On Thursday 10th and Friday 11th January, database upgrade work was scheduled out of working hours, early each morning. The upgrade was needed to ensure we run a current version that is stable and regularly security patched. It also brought some improvements that will allow us to manage our database services better.
Although this upgrade was a major version update, we routinely update our databases without any downtime or interruption to services. The work required for the upgrade was not dissimilar to a routine upgrade, with some extra planned checkpoints and configuration to make sure that data flowed between our servers properly whilst the upgrade was midway through. So our expectation was exactly the same here, that the upgrade would complete without any impact on service.
As the load on our servers increased during Thursday morning, it became apparent that the database was not coping well.
After upgrade work, a database server needs some time to optimise its workload and ‘re-learn’ how to cope with the demands on it (warming up). We concluded that this was the problem here and began to run some operations that would allow this learning process to happen faster.
With the metrics looking better early on Friday morning, and with a revised plan for better warming up operations after the upgrade, the remainder of the work was completed.
Although things ran smoother on Friday, we again saw issues of higher load and bottlenecks on our database servers which caused problems using the application.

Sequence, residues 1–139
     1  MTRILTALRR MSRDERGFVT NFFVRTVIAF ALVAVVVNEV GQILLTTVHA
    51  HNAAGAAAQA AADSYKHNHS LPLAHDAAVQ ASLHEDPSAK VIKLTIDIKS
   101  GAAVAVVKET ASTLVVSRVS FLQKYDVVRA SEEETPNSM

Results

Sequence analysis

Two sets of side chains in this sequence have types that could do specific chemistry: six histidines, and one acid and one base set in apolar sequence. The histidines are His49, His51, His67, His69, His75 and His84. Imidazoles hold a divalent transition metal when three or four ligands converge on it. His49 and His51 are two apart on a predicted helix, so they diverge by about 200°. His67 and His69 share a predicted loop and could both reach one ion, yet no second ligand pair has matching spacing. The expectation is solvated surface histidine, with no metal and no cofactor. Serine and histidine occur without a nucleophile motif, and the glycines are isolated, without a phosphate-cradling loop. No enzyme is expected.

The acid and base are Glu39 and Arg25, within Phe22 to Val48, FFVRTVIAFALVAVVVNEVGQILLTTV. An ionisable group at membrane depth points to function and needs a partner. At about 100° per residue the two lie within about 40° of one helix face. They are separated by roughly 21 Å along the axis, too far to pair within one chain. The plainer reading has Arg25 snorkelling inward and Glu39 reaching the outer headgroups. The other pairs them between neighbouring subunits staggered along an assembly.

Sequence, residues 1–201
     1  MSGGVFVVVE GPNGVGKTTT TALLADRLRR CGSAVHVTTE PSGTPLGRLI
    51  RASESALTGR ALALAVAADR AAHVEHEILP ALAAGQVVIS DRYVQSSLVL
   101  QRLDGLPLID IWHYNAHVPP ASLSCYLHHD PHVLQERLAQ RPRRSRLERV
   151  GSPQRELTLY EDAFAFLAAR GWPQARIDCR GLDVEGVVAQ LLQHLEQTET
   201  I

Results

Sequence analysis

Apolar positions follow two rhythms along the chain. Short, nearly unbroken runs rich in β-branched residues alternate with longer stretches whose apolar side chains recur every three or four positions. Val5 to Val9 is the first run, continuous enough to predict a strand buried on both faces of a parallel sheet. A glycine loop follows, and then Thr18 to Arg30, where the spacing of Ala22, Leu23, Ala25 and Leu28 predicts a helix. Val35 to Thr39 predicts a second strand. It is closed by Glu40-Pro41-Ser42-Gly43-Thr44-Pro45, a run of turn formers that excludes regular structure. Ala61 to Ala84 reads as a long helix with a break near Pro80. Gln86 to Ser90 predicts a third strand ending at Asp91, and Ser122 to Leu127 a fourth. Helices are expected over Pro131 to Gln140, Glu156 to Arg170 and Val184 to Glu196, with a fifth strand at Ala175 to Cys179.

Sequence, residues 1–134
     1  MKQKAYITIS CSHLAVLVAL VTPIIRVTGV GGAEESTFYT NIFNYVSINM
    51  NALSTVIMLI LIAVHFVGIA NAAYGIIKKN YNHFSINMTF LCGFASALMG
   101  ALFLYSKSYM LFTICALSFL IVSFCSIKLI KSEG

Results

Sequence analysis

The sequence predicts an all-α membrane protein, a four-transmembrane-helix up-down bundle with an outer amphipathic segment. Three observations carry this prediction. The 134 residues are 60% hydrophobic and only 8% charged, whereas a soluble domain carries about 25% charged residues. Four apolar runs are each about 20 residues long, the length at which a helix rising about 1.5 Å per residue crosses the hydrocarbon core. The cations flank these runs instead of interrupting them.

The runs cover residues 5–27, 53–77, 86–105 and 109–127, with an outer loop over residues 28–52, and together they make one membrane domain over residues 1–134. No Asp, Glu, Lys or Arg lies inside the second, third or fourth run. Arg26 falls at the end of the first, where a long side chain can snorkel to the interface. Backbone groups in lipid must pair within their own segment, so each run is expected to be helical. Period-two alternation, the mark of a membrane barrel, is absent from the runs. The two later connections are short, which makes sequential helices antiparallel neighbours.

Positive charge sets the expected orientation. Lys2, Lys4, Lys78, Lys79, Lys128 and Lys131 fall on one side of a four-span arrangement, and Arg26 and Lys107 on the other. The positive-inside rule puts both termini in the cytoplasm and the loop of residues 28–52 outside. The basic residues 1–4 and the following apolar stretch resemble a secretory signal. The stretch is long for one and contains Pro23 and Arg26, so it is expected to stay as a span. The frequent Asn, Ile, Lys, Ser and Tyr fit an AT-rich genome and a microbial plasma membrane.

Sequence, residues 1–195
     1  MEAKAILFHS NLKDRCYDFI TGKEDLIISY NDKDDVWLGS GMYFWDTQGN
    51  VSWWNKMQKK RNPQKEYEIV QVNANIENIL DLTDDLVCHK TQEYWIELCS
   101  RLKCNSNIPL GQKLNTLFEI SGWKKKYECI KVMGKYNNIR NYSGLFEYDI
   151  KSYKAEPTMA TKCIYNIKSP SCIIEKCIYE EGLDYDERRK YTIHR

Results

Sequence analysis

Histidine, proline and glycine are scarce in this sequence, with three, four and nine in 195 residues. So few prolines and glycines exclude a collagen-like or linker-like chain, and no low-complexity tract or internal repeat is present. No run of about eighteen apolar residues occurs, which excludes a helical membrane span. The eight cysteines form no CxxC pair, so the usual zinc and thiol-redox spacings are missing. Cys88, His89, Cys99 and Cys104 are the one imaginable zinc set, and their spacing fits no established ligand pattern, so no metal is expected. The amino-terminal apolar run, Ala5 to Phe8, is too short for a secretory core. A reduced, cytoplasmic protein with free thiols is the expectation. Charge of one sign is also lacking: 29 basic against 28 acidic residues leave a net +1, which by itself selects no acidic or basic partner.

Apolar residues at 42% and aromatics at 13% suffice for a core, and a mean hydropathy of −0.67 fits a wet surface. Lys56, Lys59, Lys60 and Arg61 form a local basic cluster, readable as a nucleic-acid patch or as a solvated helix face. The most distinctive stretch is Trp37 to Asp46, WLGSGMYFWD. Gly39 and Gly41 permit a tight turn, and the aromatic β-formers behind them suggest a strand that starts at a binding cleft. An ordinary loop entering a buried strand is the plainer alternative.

During Friday it became clearer that the issues were less about the warming up of the servers, and more about how the upgraded server was treating some queries quite differently than the previous version had. During the weekend, we made the necessary changes to fix those problems. By Saturday, the database was back to normal operation.
Our preparations for the upgrade were thorough, with the application carefully tested against the new version and the change log checked for compatibility. However, our plan fell short of benchmarking with real-world traffic loads.
Our assumption was that a major database version upgrade would handle the exact same traffic load at least as well, but much likely better than an older version. This was clearly a mistake. For future major version upgrades, we will benchmark loads on the new version before going through with the upgrade.
We know you not only rely on FLG being available constantly, but also you need it to be quick and responsive. The work you do on FLG is often time sensitive due to it being during a live phone call.
We’re genuinely sorry we didn’t live up to your expectations here, and will put in place not only the remedy above, but also continue to look at all of our infrastructure tooling and procedures to ensure we deliver the level of service you rightly expect.